How To Make Sour Cream

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by Monti - Budget Bytes
4.60 from 5 votes
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There’s nothing worse than being in the middle of a recipe that calls for sour cream and opening up the tub only to find it’s almost empty or worse- there’s mold all over it. Luckily, if you’re out of sour cream, you can make your own! All you need is two ingredients and a lot of upper body strength. (I’m exaggerating about the need for muscle tone. I can do it, and I haven’t worked out since the 90s.)

What is sour cream?

First things first- there are two types of sour cream: cultured and acidified. Without getting too sciency, cultured sour cream is made with bacteria, while acidified sour cream is made with an acid. Fun fact: many store-bought sour creams aren’t made from cream at all. They’re made with milk that’s thickened with artificial ingredients. Homemade sour cream doesn’t have artificial thickeners so it will be a little runnier than what you’re used to, but the flavor will be spectacular!

Making Sour Cream From Scratch

Since you probably don’t have a vial of lactic bacteria in your pantry, you’ll need heavy cream and an acid. I like using vinegar, but you can also use lemon juice or buttermilk. You’ll also need a mason jar or another air-tight container. To make sure the container is squeaky clean, boil it for a few minutes, let it cool, and then add your cream and acid. Then cover and shake it (or blend it) until it thickens. That’s it. You’ve made sour cream.

To Ferment Or Not To Ferment

I’m a pretty impatient person, so if I’m using the sour cream for a batter or a dip, I add it a few minutes after I’ve made it because its primary purpose is to add creaminess and flavor. It’s not the star of the show; it’s a background singer. (Like the one chick in Destiny’s Child whose name no one ever remembers.) Now, if it’s the Beyonce of your dish, you’ll want to let it sit for a day on your counter to let the cream ferment and thicken and then refrigerate. To keep it 100, I usually skip fermenting it and just put it in the fridge to thicken overnight. It still tastes great.

How long does it last?

That depends on you. It’s best to store the sour cream in the back of your fridge, not the fridge door, where temperatures fluctuate. If you clean your container well and keep the sour cream at 40 degrees, it should last about two weeks. To keep it fresher longer, store it upside down so it isn’t affected by air. When the cream falls to the lid of the jar, it creates a vacuum, which slows down mold and bacteria growth. You can use this nifty trick on all dairy products that come in a container or a jar. I’m looking at you, cottage cheese.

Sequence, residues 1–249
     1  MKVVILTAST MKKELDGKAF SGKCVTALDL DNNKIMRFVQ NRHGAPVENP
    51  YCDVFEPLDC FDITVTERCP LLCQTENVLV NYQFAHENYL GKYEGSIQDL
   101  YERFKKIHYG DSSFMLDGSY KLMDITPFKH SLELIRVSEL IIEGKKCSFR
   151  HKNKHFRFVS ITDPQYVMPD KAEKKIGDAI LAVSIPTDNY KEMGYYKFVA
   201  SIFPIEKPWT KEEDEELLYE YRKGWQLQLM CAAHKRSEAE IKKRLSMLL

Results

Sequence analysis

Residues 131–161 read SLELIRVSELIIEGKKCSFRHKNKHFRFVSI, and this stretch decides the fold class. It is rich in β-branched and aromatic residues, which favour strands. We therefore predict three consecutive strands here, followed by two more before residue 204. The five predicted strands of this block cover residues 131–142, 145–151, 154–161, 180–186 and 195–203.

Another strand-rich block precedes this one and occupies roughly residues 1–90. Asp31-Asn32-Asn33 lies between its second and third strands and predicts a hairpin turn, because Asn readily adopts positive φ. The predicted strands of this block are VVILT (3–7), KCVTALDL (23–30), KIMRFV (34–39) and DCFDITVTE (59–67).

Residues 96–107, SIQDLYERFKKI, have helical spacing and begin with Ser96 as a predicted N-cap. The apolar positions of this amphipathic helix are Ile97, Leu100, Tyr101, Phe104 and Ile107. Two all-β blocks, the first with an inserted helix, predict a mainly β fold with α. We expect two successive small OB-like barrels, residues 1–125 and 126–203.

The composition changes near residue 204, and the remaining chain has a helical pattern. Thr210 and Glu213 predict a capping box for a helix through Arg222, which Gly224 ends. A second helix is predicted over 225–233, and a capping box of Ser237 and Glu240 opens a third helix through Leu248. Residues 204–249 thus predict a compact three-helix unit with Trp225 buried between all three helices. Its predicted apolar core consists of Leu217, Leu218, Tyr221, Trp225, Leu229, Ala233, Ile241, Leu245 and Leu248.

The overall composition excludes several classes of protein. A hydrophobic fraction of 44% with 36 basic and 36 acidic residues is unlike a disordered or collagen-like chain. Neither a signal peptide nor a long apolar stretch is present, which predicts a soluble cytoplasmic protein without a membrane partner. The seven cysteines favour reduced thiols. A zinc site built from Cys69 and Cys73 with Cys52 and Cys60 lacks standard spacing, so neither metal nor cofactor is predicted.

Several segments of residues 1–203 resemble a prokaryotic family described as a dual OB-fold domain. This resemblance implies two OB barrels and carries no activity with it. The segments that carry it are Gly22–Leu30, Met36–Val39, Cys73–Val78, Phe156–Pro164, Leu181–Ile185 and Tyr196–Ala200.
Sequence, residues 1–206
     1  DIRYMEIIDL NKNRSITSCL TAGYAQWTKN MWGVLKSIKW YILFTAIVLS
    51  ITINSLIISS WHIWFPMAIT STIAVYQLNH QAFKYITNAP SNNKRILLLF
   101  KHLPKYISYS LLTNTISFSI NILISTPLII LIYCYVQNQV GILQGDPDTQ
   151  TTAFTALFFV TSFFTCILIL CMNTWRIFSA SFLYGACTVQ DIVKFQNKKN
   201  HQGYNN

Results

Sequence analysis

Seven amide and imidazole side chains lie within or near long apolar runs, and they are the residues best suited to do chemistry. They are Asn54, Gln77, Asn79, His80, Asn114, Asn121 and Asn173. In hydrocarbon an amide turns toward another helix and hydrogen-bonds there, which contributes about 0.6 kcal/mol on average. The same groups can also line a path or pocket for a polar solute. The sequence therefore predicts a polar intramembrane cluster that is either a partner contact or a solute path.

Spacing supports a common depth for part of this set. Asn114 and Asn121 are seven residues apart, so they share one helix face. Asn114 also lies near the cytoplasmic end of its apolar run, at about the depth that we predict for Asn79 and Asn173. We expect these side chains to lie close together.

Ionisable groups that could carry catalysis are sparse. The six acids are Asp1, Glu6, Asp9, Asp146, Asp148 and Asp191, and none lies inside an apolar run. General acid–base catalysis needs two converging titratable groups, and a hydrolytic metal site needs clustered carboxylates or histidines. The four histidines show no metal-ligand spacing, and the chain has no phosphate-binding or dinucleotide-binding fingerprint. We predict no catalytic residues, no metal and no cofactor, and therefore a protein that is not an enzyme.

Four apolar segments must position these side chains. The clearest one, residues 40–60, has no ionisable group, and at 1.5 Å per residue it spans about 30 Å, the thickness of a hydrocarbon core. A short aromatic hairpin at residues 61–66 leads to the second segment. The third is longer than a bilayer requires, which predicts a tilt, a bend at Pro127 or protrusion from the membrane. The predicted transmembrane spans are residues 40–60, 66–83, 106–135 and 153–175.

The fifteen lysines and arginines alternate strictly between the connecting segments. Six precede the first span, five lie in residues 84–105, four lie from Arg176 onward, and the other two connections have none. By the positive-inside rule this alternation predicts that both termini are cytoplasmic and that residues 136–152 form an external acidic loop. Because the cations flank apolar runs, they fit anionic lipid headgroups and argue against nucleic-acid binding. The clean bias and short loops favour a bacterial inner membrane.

Some of the things you can make with sour cream

Don’t limit your sour cream to just a topping for baked potatoes or a heap of nachos. It works magic in all sorts of dishes. You can use it in sweet and savory preparations to add tang, moisture, and tenderize. It’s the little cream that could.

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How To Make Sour Cream

4.60 from 5 votes
If you've run out of sour cream and don't want to run to the store for more—you can make it at home with just two ingredients: heavy cream and vinegar!
Overhead shot of a wooden bowl with sour cream in it that's topped with chives and is surrounded by potato chips.
Servings 1 cup
Prep 5 minutes
Resting Time 12 hours
Total 12 hours 5 minutes


  • 1 cup heavy cream ($1.40)
  • 1 Tbsp vinegar ($0.02)


  • Add the cream to a mason jar or other airtight container.
  • Add the vinegar to the cream. (Or whatever acid you decide to work with.)
  • Close the container and shake it for a minute or two, until the cream thickens.
  • Use the cream right away or leave the jar on your counter overnight to ferment and thicken.*

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*Leave it out on your counter overnight if you want tangier, thicker sour cream. I usually shake it and pop it in the fridge, where it will thicken in a few hours.


Serving: 1cupCalories: 812kcalCarbohydrates: 7gProtein: 7gFat: 86gSodium: 65mg
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How to Make Sour Cream – Step by Step Photos

Add the cream to a mason jar or other airtight container.

Add the vinegar (or lemon juice) to the cream.

Close the container and shake it for a minute or two until the cream thickens.

Use the cream right away or leave the jar (with the mouth covered in cheesecloth or other lightweight cloth and secured with a rubberband) on your counter overnight to ferment and thicken.

Overhead shot of a wooden bowl with sour cream in it that's topped with chives and is surrounded by potato chips.

Now your deliciously fresh homemade sour cream is ready to use in your favorite recipe!

Here are some great recipes to use up your sour cream:

Looking for more easy how-to’s? Check these out:

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  1. I’ve tried the ones where they add milk, not do good! This is the easiest and has the thickness I love!

  2. I tried this out for the first time to go along with the slow cooker taco chicken bowls, as I now live somewhere I can’t access lactose-free sour cream. Thank you! I used unfiltered apple cider vinegar, as that is your best bet for getting a vinegar that will ferment anything, and it didn’t add any perceptible off flavour.

    If you are on the west coast of America and lactose intolerant, look for Green Valley Organics brand – their fermented products are fantastic, and along with Mexican food (and easily-found ingredients to make semi-authentic Mexican) are one of the very few things I miss after having relocated to the UK. ; )

  3. You can also do the old trick of making your own buttermilk for recipes with the lemon juice. Love how it starts thickening up immediately ❤️❤️❤️